Matter 10 Village: A Journal of Literature, Art, & Movement (June 2007)
Mount Chephren rose from across the lake. I let my gaze wander up its craggy face. At the point where the crest kissed the sky, I felt a distinct vibration in my chest. The mountain was sending me a message. It didn’t speak to me in some cartoonish way, pursing its rocky lips and booming some proclamation of wisdom. No, this was a sudden flood of fatherly feeling that tumbled down the hillside and swept across the lake like a searchlight sighting me on the opposite shore, a daughter stark against the sand in her turquoise jacket and black lycra shorts. When my mother walked up next to me, about to speak, I silenced her with one forefinger against my lips. As we stood in the light, I knew my father was with us again for a brief time.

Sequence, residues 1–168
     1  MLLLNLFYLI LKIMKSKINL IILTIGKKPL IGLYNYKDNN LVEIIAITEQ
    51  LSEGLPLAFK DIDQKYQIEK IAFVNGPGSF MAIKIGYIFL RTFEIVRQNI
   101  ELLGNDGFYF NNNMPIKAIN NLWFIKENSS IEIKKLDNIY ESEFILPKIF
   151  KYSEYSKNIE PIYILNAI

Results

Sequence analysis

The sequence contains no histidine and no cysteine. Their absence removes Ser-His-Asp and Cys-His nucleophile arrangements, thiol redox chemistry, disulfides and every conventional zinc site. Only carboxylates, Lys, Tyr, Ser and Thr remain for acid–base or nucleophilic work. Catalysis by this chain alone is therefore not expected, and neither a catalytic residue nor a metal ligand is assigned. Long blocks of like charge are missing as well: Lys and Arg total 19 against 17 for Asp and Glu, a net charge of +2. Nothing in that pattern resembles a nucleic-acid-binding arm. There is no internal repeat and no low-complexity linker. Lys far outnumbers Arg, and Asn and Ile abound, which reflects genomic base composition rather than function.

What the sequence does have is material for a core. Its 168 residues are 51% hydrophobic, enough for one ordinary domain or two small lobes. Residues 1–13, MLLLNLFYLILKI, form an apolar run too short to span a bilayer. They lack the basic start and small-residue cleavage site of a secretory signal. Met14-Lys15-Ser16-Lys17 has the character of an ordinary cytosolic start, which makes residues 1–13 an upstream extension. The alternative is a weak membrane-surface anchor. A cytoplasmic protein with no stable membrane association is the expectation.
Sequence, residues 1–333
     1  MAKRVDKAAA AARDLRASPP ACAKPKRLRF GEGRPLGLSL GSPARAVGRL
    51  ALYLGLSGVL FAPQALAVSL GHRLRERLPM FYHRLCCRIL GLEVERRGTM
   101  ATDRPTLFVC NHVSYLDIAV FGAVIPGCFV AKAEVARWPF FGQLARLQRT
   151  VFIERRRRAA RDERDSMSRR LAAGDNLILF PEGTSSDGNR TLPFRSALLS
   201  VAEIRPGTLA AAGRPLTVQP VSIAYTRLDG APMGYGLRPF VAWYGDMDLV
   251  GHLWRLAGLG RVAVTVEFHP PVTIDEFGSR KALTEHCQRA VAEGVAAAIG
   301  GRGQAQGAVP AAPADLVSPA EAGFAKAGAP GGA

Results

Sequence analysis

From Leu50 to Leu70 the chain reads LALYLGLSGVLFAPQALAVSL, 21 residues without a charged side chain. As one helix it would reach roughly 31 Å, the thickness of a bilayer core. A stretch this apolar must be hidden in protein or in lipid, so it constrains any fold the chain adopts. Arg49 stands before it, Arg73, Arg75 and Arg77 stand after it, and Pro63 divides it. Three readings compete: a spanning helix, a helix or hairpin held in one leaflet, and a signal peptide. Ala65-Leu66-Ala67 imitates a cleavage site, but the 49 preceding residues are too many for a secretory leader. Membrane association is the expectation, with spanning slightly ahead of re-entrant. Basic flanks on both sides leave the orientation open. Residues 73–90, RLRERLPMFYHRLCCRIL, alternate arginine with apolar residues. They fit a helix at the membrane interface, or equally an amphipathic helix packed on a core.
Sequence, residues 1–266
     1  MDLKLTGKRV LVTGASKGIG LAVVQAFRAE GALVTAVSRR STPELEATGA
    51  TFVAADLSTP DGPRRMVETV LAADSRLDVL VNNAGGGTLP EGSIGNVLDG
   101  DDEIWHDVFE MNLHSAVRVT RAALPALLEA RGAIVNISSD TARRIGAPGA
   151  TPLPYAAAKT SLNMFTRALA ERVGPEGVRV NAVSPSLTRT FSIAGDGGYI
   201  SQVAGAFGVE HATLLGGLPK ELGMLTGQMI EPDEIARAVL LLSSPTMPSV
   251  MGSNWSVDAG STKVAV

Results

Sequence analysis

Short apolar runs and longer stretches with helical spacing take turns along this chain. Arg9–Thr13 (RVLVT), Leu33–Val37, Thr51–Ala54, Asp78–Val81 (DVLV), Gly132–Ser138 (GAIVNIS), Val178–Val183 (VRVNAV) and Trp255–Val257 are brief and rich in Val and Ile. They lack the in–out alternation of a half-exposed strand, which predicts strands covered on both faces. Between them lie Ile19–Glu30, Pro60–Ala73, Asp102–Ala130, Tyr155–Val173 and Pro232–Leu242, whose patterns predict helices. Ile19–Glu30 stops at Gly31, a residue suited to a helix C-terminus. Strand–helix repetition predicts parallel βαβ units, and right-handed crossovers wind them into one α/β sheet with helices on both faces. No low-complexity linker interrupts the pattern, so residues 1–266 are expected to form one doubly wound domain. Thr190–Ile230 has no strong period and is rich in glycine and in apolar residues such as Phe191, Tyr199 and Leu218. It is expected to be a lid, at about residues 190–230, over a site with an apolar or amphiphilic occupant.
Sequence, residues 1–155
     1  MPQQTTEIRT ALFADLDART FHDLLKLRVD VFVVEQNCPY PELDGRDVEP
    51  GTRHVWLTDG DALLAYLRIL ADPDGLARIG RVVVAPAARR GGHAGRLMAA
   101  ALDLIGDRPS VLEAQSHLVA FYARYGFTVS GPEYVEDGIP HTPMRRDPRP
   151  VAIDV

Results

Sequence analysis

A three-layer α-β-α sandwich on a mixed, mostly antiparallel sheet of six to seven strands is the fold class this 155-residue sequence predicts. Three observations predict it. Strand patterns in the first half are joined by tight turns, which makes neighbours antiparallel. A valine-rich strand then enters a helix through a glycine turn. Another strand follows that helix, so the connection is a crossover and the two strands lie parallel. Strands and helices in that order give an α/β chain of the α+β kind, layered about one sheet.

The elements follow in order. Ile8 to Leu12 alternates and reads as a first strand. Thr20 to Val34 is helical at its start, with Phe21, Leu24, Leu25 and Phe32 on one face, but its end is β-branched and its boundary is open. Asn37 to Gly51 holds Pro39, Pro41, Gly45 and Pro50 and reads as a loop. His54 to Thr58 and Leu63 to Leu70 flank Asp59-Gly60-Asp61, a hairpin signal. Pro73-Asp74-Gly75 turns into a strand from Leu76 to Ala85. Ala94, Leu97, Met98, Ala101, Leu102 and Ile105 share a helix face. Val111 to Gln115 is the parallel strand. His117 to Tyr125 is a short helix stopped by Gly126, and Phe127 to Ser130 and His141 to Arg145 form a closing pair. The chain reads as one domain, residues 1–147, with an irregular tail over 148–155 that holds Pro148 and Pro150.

Eight years later, my mother experienced a different kind of flood. She was not cycling but singing with her chorale group in California. The notes suddenly went blurry and seemed to lift off the page in a swirling cyclone of confusion as she collapsed to the ground. Among the bevy of concerned, silver heads that encircled her, someone finally found feet to call 911.
My husband handed me the phone that evening. I listened to my uncle’s voice, calm but direct, while I sat on the couch nursing my eight-month-old daughter. I processed the messenger’s information. One: Her stroke could have been worse. Two: Physically she was fine, but they did suspect a fair amount of memory loss. Three: She was now on a blood-thinner medication that she’d probably have to take for the rest of her life.
A life. A lifetime. The following year we moved her out to Colorado where her bicycle took up a space in her garage, and sighed all the air out of its tires.